And for the investor, even though the amount that it's charging for each test is actually going down, since its costs are going down, we're actually seeing gross margin expansion here, which is wonderful.

Lewis: So I think one of the natural questions anytime we're talking about treatment or intervention or doing anything that's proactive for your health is, you know, where do the costs lie with a business like this. Is this something that's reliant on insurance, or is this something that people are tending to be paying out of pocket?

Feroldi: Yeah, one of the big barriers to broad-based genetic testing right now is that insurers are still not fully on board with this. So actually, the majority of Fulgent's revenue is coming from cash-paying customers. Now, that's good because it insulates them for reimbursement risk, but that's not good, because to really drive mass adoption, you are eventually going to have to get this through insurance companies. That is something that will be happening as the technology continues to evolve.

And one of the big reasons that insurance companies haven't covered genetic testing so far is that the results that have been produced haven't historically led to clinical action. So you can get the information, but if you don't know how to take action from there, the information isn't all that valuable. That is something that Fulgent is actively working on through machine learning to actually come up with clinical suggestions for how to change your lifestyle or what drugs are used to treat specific diseases. So that, combined with the lowering costs, should help to drive mass adoption.

Lewis: So for folks that were a little bit sleepy with our last stock and were looking for something that was high growth, they wanted their foot on the pedal, we're back there when we're looking at Fulgent. Some pretty impressive growth rates for this business: revenue up over 80% recently.

Feroldi: Yeah. And again, because we're talking about a pretty small company that even though revenue grew 80%, total revenue for the quarter was just about $10 million. And as we said previously, the cost that they're charging customers for the test is falling dramatically. So we actually saw testing volumes grow 270% during the same time period. So revenue growth is lagging testing volumes, but that's OK, because gross margin actually expanded significantly during this quarter and clocked in at 64%.

And, again, even though they're producing just $10 million in quarterly revenue, this company is actually producing GAAP profits. So their profits last quarter were $1.5 million. That's super impressive for such a small revenue number.

Lewis: One thing that I've been kind of thinking about with this business is, are these customers that they're bringing in, are these one-time customers, or are they able to establish a relationship with them and kind of build other stuff in? Because, you know, I don't know a ton about genetic testing, but I'd have to imagine that once you know what's going on in your body, you probably don't need an update for a while.

Feroldi: Yes. So that is a negative to the genetic testing market is customers are more consumed. However, Fulgent is selling itself to actually pharmaceutical companies and other health institutions, so its customers directly are more of a recurring-revenue basis than if it was just going directly to the consumer, giving them information and being once and done.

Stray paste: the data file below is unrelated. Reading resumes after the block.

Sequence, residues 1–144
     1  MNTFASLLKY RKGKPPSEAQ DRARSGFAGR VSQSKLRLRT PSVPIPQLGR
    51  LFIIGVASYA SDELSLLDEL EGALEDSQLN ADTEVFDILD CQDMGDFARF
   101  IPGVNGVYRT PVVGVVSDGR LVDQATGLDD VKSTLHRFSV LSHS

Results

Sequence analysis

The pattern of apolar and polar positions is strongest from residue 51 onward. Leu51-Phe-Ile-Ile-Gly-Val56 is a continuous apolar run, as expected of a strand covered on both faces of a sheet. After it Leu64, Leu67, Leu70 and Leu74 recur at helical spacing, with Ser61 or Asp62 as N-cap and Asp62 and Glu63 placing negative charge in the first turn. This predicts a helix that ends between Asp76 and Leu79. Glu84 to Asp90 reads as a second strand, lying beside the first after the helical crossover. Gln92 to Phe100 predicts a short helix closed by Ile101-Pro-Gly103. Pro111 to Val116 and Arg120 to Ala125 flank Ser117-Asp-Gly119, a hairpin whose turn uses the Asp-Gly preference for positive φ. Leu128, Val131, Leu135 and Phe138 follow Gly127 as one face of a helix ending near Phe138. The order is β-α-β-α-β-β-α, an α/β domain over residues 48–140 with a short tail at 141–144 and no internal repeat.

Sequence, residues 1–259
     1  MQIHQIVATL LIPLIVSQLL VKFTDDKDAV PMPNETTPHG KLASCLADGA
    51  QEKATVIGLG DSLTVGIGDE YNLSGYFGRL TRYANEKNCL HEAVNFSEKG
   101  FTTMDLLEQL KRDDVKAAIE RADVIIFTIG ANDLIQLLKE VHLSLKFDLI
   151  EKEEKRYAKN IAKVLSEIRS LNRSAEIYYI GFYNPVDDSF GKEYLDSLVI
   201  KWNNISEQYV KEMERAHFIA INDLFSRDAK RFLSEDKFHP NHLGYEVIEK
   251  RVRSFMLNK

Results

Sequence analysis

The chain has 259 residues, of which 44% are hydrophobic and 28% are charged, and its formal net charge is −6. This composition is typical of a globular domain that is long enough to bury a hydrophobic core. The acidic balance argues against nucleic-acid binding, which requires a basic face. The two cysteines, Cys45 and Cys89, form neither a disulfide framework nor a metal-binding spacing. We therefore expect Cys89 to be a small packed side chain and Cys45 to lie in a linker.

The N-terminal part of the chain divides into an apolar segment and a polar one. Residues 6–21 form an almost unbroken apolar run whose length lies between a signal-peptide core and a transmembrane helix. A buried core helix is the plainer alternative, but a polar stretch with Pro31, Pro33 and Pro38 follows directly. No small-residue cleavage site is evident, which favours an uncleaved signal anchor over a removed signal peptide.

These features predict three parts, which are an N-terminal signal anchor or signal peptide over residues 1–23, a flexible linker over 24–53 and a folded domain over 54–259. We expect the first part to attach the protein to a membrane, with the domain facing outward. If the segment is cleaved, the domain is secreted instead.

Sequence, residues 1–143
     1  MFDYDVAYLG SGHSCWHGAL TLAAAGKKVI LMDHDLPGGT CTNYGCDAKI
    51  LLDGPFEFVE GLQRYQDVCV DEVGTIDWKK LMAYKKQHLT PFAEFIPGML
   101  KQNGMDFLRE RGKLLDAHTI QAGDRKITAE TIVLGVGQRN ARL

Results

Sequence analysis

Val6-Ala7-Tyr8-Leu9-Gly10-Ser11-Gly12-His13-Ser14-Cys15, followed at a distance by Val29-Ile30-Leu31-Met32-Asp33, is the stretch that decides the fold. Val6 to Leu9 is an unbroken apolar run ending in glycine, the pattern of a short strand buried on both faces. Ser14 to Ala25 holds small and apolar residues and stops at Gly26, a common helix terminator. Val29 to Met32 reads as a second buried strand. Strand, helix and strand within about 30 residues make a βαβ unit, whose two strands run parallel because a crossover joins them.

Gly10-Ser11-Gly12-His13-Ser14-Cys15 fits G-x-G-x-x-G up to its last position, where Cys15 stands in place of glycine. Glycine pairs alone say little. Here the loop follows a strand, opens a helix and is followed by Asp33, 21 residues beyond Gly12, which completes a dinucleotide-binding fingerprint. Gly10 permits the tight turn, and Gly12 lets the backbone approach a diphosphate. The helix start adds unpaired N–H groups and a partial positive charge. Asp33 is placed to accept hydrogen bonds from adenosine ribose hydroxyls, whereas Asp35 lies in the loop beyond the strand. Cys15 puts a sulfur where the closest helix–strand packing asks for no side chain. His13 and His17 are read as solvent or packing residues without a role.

Lewis: Got you. Okay. So with LeMaitre, we were talking about how there is a pretty big sell-off with shares recently; opposite going on here with Fulgent. The company is at all-time highs and has really just been soaring. They IPO'ed in 2016, up about 90% since then. Any concerns with valuation for them?

Feroldi: Yeah, you're definitely paying up for the growth of this company. I mean, this company is currently trading at about 51 times forward earnings and more than 10 times sales. The reason that Wall Street has gotten so excited is, one, they're growing extremely rapidly; two, they've already achieved profitability, and the more important thing here is that the management believes that the global market for genetic testing is going to more than double by 2022 to exceed $10 billion. That is an enormous number when compared to the about $33 million in revenue that was expected to haul in during 2019. So if Fulgent can remain the low-cost leader with the most tests, the sky is truly the limit here.

Lewis: Yeah, that's a huge benefit, being a low-cost provider and still being in a position where you're able to make money on what you're doing. I have to say, as kind of an outsider observer to the healthcare space, nice to see that someone's able to become a little bit more efficient, bring their cost down and also bring patient cost down. I think that's pretty great.

Anything else on this stock or any of the three? You know, actually, Brian, before we transition to the nonstock part of the show, I have to ask you this. With three stocks, which one are you most excited about? Which one are you least excited about? I'm going to force you to force-rank these companies.

Feroldi: Awesome. Well, I wouldn't have highlighted any of them if I wasn't excited about all of them. But I must say that the growth investor in me is probably most excited about Semler Scientific, specifically because their business model is all about the software and all about the recurring revenue, and their margins are just incredible as it is. And unlike Fulgent, which also has a tremendous runway ahead of it, I like that Semler doesn't have to discount its costs. So any growth that is captured from here should flow directly to the bottom line, whereas there is a little bit of a trade-off with Fulgent.

In regards to LeMaitre, it would be my least favorite idea of these three, just because it's the slowest growing of them. But if you are more of an investor that's looking for a value investment and wants a slow and steady growth as opposed to wild share price fluctuations, that's a great stock to look at.